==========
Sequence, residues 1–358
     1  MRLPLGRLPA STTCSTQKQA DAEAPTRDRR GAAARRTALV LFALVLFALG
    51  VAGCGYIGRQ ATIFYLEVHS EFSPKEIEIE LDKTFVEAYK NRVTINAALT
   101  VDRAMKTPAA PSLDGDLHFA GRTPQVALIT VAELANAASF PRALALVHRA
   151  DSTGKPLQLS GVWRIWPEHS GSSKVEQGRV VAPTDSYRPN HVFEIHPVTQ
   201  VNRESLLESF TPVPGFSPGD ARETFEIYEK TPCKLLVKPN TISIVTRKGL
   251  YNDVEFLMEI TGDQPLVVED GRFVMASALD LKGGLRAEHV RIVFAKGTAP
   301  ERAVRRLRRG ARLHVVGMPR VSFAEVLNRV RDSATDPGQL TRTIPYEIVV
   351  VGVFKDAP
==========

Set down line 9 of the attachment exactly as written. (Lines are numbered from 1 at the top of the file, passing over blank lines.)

   351  VGVFKDAP